By Charles Maxwell
|Kahu Charles Kauluwehi Maxwell Sr. is a Hawaiian cultural specialist and member of the state Shark Task Force.
In your Nov. 5 Letters to the Editor, Dan Stillman of Boulder, Colo., wanted to know "Why wasn't (the) shark tracked down, killed?"
The answer is simple: The ocean is the shark's world, not ours. Studies have shown that whenever a shark attack occurs, the animal does not "hang around" and can be miles away in a short period of time after the attack.
Mr. Stillman's remarks are typical of the Western man who wants to eliminate everything that threatens his existence in this world. The shark evolved over 400 million years ago, specifically to eliminate the dead, dying or injured. If a shark looks at an object and it resembles its No. 1 or 2 food source, a turtle or a seal, it will attack. A surfer or body-boarder represents the outline of a seal or turtle from beneath.
The attack on Kaua'i's Bethany Hamilton is a tragic accident, but it is exactly that, an accident. Surfers, divers and those who frequent the ocean are fully aware that the danger of shark attacks is a constant risk for ocean users. Many shark attack victims admit they were in the shark's domain and no harm should come to the shark.
Our ancient Hawaiian ancestors have deified many animals in the ocean as 'aumakua, "ancestral guardian." Some people still worship the sharks today, but most of us are Christian and respect the gods and goddesses of our ancestors but do not pray to them.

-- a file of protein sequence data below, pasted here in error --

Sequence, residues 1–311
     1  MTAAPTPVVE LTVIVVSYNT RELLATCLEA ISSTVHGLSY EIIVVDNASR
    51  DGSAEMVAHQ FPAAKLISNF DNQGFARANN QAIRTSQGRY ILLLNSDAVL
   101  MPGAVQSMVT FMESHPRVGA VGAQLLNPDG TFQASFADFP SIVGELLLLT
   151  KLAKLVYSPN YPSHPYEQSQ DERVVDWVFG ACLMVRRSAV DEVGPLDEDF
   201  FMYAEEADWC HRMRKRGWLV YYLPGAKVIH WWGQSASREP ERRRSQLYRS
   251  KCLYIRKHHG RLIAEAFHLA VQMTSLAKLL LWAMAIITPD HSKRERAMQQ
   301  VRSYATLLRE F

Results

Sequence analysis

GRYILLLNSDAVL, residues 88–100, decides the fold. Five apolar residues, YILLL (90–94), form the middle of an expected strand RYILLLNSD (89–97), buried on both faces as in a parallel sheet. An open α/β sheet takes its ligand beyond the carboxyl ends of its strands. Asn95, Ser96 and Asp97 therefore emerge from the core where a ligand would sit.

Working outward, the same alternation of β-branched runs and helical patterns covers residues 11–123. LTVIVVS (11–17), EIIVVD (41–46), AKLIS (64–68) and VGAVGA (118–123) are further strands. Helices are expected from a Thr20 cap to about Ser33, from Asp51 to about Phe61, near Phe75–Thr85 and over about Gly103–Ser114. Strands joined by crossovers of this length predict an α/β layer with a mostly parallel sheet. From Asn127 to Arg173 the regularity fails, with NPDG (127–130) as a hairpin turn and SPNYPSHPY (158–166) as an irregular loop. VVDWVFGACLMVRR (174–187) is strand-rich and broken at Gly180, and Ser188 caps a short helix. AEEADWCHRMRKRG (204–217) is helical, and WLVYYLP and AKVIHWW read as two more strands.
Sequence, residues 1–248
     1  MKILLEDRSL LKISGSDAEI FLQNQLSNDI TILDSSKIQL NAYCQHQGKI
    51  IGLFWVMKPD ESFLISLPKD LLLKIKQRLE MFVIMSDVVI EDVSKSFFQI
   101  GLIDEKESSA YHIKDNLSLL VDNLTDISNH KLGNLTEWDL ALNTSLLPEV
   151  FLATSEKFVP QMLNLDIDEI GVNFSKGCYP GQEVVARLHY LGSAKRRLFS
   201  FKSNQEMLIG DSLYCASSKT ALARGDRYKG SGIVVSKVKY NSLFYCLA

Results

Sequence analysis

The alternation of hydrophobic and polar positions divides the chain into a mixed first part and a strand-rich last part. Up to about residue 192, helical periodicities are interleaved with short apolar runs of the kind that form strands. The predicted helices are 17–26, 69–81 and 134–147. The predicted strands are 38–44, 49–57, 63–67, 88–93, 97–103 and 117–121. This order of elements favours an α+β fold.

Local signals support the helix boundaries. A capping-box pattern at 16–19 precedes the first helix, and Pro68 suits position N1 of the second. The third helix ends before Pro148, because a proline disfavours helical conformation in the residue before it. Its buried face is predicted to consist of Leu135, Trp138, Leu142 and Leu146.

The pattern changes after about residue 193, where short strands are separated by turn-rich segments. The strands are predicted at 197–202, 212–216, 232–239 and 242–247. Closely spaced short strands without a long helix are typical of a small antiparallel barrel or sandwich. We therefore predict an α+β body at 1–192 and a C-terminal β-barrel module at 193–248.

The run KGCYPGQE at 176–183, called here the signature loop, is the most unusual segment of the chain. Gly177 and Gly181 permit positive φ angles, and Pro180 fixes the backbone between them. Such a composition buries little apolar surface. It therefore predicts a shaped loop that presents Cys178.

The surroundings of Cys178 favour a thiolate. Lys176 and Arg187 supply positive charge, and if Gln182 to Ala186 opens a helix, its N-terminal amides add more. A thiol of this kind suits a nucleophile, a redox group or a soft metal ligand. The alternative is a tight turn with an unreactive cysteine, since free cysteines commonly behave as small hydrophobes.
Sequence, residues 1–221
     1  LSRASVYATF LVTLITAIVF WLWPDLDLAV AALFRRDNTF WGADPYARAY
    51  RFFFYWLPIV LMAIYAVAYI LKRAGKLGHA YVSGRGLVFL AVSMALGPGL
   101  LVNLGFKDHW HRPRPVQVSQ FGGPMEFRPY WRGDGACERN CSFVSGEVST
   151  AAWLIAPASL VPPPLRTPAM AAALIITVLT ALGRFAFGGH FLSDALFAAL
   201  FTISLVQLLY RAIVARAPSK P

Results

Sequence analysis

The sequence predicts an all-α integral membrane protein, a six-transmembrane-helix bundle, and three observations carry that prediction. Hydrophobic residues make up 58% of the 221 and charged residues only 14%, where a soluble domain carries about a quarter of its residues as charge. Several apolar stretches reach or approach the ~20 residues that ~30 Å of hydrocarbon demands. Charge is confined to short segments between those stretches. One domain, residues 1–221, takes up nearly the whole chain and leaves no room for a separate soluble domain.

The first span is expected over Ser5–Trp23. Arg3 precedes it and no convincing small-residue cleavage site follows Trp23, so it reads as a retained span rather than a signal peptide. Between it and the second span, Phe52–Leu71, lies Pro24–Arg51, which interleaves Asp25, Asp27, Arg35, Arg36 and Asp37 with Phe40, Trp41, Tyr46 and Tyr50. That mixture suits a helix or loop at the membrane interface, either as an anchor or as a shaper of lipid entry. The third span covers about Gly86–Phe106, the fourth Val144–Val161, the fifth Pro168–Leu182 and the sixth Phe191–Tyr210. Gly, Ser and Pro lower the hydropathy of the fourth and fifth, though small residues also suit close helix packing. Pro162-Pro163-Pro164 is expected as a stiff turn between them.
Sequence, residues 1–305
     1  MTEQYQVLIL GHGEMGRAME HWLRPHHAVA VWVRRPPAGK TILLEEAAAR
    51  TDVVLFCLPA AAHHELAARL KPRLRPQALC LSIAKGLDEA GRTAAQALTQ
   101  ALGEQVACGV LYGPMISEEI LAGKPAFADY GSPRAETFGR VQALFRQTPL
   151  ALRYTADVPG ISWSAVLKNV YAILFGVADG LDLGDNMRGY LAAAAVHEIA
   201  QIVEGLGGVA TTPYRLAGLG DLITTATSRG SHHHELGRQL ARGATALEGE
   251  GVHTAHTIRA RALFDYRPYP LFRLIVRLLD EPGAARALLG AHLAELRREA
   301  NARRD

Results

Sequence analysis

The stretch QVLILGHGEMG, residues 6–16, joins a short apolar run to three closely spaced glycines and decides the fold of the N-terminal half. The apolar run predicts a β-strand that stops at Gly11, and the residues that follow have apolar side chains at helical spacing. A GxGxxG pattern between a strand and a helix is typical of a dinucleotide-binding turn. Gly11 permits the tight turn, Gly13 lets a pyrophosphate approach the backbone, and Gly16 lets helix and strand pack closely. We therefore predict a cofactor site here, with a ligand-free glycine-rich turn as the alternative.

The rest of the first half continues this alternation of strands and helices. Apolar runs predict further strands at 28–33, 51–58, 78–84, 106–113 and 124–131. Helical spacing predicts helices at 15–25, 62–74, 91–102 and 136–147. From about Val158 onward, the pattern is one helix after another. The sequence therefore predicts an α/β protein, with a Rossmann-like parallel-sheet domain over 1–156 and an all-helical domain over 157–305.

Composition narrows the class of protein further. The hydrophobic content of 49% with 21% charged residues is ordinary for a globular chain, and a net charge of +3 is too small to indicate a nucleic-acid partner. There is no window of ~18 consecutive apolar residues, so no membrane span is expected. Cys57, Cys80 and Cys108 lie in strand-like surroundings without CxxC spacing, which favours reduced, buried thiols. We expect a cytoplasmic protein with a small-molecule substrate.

It is time that we heed the words of our kupuna to not go into the water when it is rough or murky, be careful when the wiliwili trees are in bloom (usually it's September through December). Sharks come into shallow waters after sunset and before the sun comes up because during the night, the nutrients are stirred up.
Also, this is the time of the breeding season, and in some species they are giving birth and are very irritable when this is happening and will attack anything around them.
In Hawaiian custom when women had their period, it was a kapu (restricted) for them to enter the ocean. Also, studies have shown urea (urine) and blood attract sharks equally.
Maybe it's time everyone apply the teachings of the ancient kupuna, who were in tune with their surroundings.